“We are simplifying networking everywhere for every customer at every scale,” Davidson stressed in a Cisco Partner Summit keynote last year. “We are converging our management platforms with the Cisco Networking Cloud, which is our vision for both on-premises as well as cloud-operating models. This is going to help you manage your customer’s Cisco networking infrastructure products from one place, and help them to deliver secure, simple, predictable experiences to all of their end users.”

It all boils down to a great experience — both for Cisco’s customers managing complex networking environments, and for their customers, consumers using increasingly sophisticated electronics in myriad ways.

AI also raises concerns for consumers. This powerful technology needs to be used responsibly and ethically, so that it does not erode privacy or human rights. With its Responsible AI Framework, Cisco is an industry leader in ethical AI, with clear guidelines that any organization can adopt.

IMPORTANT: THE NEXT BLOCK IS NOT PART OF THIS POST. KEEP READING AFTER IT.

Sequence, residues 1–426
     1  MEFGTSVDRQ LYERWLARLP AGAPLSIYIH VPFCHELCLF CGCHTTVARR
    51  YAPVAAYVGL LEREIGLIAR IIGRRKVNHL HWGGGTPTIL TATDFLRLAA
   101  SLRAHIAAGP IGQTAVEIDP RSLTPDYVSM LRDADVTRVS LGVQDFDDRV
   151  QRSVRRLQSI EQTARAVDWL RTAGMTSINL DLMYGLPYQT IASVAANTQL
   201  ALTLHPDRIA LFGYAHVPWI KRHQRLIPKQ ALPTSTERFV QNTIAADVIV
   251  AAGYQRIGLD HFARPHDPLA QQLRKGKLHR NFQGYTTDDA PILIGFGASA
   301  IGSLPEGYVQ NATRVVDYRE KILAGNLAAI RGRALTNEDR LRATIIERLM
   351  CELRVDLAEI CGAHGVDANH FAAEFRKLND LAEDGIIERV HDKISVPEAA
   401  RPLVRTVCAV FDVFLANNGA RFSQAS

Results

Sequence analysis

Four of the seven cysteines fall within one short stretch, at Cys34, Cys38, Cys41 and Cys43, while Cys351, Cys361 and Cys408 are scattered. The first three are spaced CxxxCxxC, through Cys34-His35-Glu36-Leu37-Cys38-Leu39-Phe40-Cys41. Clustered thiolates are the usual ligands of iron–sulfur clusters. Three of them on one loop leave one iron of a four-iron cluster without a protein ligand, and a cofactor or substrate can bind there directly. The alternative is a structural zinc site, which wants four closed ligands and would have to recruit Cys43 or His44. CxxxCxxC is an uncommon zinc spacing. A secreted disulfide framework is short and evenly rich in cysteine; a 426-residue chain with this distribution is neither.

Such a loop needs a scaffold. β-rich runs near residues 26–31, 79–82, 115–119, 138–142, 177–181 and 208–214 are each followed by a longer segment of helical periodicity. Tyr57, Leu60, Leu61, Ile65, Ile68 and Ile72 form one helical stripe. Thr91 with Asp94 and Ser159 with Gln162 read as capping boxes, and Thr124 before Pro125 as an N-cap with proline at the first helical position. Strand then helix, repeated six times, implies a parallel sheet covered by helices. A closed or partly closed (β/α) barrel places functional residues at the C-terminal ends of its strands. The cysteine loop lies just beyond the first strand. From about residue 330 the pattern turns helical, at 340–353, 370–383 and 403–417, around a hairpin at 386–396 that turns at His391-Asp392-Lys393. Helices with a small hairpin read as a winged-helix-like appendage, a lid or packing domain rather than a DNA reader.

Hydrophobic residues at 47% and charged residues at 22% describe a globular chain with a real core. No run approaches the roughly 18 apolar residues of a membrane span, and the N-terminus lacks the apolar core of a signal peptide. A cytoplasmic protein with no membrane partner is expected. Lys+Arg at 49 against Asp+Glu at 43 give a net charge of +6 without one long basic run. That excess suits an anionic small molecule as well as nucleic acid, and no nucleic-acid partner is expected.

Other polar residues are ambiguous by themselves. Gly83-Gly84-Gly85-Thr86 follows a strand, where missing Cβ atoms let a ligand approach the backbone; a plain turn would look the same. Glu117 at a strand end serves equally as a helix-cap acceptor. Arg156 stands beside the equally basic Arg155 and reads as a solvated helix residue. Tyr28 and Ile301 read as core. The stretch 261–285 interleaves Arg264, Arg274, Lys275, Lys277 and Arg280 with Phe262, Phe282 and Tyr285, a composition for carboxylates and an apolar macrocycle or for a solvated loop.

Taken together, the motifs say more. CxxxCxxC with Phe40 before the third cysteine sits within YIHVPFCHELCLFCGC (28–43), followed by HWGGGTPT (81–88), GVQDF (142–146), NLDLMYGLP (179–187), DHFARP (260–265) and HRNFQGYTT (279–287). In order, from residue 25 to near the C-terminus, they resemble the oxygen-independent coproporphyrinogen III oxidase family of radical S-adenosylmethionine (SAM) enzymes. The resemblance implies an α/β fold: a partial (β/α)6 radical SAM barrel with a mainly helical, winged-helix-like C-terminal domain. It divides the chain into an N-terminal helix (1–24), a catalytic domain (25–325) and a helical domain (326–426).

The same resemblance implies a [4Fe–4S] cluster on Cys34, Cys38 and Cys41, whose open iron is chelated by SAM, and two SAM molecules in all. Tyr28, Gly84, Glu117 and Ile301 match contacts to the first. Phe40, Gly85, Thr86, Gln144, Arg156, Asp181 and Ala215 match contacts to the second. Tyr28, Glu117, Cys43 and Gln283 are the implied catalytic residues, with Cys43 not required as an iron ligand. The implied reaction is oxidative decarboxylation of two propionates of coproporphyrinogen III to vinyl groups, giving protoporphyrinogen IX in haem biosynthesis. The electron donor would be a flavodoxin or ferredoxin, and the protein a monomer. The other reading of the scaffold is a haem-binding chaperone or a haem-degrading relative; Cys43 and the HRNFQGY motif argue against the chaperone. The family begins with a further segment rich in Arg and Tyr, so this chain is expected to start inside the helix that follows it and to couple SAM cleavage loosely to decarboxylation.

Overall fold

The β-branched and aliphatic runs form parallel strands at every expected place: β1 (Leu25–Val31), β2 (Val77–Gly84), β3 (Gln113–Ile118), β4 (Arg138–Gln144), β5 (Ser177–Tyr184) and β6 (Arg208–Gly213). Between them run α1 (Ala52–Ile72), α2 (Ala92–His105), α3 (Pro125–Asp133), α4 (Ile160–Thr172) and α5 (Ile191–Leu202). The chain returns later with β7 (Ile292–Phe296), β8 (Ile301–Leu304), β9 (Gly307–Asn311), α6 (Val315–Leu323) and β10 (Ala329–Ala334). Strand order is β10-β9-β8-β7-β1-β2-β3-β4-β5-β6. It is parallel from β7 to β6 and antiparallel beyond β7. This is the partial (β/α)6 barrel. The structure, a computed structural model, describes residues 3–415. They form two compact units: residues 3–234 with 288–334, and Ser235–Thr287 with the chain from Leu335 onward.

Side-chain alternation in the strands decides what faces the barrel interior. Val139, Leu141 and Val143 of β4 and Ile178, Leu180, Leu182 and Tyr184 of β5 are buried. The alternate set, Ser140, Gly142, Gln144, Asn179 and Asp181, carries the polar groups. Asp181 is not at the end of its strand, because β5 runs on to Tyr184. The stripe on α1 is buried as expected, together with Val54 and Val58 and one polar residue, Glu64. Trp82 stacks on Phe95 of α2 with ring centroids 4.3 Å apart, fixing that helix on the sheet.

If it’s connected, it needs to be protected  

As one of the largest security vendors in the world, Cisco is working behind the scenes to defend against cybercriminals on every front. You can’t be a great networking company without integrating security pervasively — and building it into every product and solution from the earliest design stages.

At Cisco Live Melbourne late last year, Jeetu Patel, Cisco’s EVP and GM for security and collaboration, explained some of the challenges facing today’s security teams.

“There’s about 3,500 vendors in the market on average,” Patel said. “Most companies have about 50 to 70 products within their cybersecurity stack. And it’s frankly getting to be untenable.”